Chicago Ledger

The Chicago Ledger was a story paper published in Chicago, Illinois from 1872 until 1924. Put out by the Ledger Company and edited by Samuel H. Williams, the Ledger was a boilerplate literary magazine.[1] Such periodicals were printed using engraved steel sheets. The plates, or casts of them, were then sent out to be printed and inserted into other newspapers.[2] Ledger subscriptions originally sold for $1 for 52 issues and, by 1879, the paper had a circulation of 10,000.[3] Although begun as a literary paper of "a good class,"[4] the Ledger eventually became more melodramatic in tone. In his 1910 book, Newspapers and Periodicals of Illinois, Franklin Scott, notes that "[t]he sensational, although not immoral, character of the Ledger stories, and the use that the large mail-order houses have made of its advertising columns, have given this paper an unusually long life and extensive circulation."[4]

In 1892, William D. Boyce, who helped to found the Boy Scouts of America and later the Lone Scouts of America, purchased the Ledger and turned it into a "mail order" paper. As such, the Ledger relied on advertising by direct mail retailers to support its publication.[5][6] This kind of publication made money without a large initial outlay. The Ledger contained serialized fiction and short stories designed to appeal to the whole family. Later issues had a supplement called the Little Ledger, which offered "Useful Knowledge, Romance, and Amusement for Young People."[7]

The W.D. Boyce Company operated from the "second skyscraper in Chicago," at 30 North Dearborn Street[8] until moving to the historic Boyce Building at 500-510 North Dearborn Street. Boyce sold the Chicago Ledger and The Saturday Blade, known together as Boyce's Big Weeklies, through a network of news boys. They earned two cents per paper sold and were not charged for unsold issues.[9] This system worked well for the company as it provided them with a sales force in rural areas and functioned in accordance with Boyce's philosophy of providing rural boys with advantages more easily accessed in cities. Their recruiting material bore the slogan, "The best way to help a boy is to help him to help himself."[10]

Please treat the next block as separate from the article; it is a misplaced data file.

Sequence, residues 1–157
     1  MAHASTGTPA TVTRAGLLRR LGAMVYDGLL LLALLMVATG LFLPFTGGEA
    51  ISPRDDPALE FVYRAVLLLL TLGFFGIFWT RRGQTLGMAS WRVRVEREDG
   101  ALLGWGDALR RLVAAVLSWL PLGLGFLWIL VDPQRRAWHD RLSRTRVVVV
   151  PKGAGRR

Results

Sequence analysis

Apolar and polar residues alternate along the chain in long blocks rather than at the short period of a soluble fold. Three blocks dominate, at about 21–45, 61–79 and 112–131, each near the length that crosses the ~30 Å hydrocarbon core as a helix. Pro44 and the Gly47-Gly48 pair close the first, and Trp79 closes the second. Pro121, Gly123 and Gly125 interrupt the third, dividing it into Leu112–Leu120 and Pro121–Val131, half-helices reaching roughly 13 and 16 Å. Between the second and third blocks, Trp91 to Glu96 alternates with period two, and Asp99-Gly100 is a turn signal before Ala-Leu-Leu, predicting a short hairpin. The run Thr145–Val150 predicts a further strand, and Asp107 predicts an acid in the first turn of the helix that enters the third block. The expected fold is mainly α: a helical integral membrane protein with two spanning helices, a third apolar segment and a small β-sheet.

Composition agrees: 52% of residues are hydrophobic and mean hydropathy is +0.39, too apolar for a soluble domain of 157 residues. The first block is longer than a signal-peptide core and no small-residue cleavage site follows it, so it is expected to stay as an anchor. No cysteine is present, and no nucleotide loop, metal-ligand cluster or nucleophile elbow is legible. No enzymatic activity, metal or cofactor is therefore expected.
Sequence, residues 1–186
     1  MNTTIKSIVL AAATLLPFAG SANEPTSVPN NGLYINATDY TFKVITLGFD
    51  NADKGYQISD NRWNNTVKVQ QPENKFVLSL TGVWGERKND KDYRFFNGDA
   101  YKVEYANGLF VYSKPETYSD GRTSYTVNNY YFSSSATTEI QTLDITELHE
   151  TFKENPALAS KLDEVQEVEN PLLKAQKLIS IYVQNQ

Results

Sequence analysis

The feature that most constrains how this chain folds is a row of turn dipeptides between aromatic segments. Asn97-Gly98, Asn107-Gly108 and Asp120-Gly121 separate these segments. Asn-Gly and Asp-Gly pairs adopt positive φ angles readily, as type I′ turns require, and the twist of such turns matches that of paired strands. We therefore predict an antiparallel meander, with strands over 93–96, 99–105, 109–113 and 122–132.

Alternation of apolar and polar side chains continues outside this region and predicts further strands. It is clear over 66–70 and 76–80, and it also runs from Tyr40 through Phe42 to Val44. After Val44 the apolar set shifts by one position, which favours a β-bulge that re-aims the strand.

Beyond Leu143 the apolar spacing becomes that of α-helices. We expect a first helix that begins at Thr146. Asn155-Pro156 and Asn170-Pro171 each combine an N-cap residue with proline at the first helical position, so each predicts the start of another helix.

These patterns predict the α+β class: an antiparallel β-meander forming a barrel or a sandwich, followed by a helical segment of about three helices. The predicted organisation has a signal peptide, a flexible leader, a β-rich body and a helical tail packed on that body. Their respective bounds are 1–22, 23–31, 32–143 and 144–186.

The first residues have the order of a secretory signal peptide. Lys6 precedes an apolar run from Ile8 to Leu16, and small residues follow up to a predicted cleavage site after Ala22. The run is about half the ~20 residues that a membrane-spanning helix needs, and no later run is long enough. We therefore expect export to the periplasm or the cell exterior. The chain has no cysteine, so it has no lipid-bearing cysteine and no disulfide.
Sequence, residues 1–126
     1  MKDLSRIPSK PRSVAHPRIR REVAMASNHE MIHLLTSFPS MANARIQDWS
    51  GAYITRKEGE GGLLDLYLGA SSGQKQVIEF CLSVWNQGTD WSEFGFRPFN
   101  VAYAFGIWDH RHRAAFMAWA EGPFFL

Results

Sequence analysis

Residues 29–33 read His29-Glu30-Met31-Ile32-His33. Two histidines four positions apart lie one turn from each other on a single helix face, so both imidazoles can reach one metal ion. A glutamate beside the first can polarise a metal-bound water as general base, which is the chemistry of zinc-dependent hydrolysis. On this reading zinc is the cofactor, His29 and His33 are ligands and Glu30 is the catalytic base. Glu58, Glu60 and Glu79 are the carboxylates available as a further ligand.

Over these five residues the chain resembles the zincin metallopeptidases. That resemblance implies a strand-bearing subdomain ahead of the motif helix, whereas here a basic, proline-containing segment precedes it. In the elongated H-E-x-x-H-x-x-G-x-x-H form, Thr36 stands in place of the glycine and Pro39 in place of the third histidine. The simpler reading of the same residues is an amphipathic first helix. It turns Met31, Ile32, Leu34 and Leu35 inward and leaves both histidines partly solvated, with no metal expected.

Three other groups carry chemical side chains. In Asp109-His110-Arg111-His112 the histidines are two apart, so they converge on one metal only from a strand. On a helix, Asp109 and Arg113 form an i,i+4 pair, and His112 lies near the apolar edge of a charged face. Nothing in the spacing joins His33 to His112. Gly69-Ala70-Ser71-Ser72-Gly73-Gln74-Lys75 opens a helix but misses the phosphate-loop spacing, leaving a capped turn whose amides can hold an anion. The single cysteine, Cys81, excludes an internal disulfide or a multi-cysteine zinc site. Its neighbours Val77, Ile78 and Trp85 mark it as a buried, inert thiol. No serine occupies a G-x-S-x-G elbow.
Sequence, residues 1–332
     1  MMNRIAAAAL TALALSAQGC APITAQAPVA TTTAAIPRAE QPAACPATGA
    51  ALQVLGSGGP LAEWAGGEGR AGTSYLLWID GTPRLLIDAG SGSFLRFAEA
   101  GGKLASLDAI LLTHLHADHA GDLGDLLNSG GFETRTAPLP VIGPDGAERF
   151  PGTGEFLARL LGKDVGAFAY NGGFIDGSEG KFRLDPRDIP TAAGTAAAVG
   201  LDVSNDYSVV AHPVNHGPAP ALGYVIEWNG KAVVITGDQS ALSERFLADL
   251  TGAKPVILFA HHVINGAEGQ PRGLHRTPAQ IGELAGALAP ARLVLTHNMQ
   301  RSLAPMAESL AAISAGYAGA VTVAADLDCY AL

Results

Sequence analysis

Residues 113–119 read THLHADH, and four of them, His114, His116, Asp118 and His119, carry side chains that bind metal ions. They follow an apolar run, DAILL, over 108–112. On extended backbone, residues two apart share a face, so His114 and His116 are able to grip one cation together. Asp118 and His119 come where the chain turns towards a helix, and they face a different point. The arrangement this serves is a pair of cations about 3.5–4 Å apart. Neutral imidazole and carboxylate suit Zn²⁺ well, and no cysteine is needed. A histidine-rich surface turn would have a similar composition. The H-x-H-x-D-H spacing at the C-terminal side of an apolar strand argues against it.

Contributors to the Chicago Ledger included Weldon J. Cobb,[11] Harry Stephen Keeler,[12] and Randall Parrish.[13] Noted African-American author Charles W. Chesnutt[14] wrote two short stories, "The Doctor’s Wife" and "A Metropolitan Experience," published in June, 1887. Edward Stratemeyer,[15] whose Stratemeyer Syndicate was responsible for such series as The Hardy Boys, The Bobbsey Twins, and Nancy Drew, contributed to The Chicago Ledger under the name Edna Winfield.

In 1925, Boyce's Big Weeklies merged to become the Blade and Ledger. William D. Boyce died in 1929 in his penthouse apartment in the Boyce Building. The Blade & Ledger continued to be published monthly until 1937.


  1. Mott, Frank Luther (1957). A History of American Magazines, v.4. Cambridge(MA): The Belknap Press of the Harvard University Press. pp. 53–54.
  2. Allen, John Edward (1947). Newspaper Designing. New York: Harper. p. 468. Retrieved February 11, 2015.
  3. Fleming, Herbert E. (January 1906). "The Literary Interests of Chicago, III & IV". American Journal of Sociology. 11 (4): 501. JSTOR 2762563.
  4. Scott, Franklin William (1910). Newspapers and Periodicals of Illinois, 1814-1879, v.6. Springfield (IL): Trustees of the Illinois State Historical Library. p. 111. Retrieved February 11, 2015.
  5. Mott, Frank Luther (1957). A History of American Magazines, v.4. Cambridge(MA): The Belknap Press of the Harvard University Press. p. 39.
  6. "The Advertising Age and Mail Order Journal". 1916.
  7. "The Edward T. LeBlanc Memorial Dime Novel Bibliography". Retrieved February 12, 2015.
  8. "Advertisement". Marketing Communications. 117 (December 1): 148. 1921. Retrieved February 11, 2015.
  9. Frasca, Ralph (1992). The Rise and Fall of the Sunday Globe. Susquehanna University Press. p. 42. ISBN 9780945636168. Retrieved February 11, 2015.
  10. W.D. Boyce Company. "[The Saturday Blade and The Chicago Ledger agent solicitation], To: Sam Albert, July, 1911". Retrieved February 12, 2015.
  11. "The House of Beadle & Adams Online". Northern Illinois University Library. Retrieved February 12, 2015.
  12. Keeler, Harry Stephen (2009). Strands of the Web: The Short Stories of Harry Stephen Keeler (Fred Cleaver ed.). p. 253. ISBN 9781605431987. Retrieved February 13, 2015.
  13. "Chicago Ledger v.XLIX, no 21, Saturday May 21, 1921". Digital Library@Villanova University. Retrieved February 11, 2015.
  14. Browner, Stephanie. "The Charles Chesnutt Digital Archive". Retrieved February 11, 2015.
  15. "The Edward T. LeBlanc Memorial Dime Novel Bibliography". Retrieved February 12, 2015.
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